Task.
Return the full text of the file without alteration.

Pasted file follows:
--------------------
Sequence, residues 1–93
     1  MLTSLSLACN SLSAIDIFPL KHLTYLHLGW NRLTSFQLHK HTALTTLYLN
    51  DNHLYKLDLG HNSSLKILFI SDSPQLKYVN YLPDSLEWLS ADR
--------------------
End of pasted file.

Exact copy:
Sequence, residues 1–93
     1  MLTSLSLACN SLSAIDIFPL KHLTYLHLGW NRLTSFQLHK HTALTTLYLN
    51  DNHLYKLDLG HNSSLKILFI SDSPQLKYVN YLPDSLEWLS ADR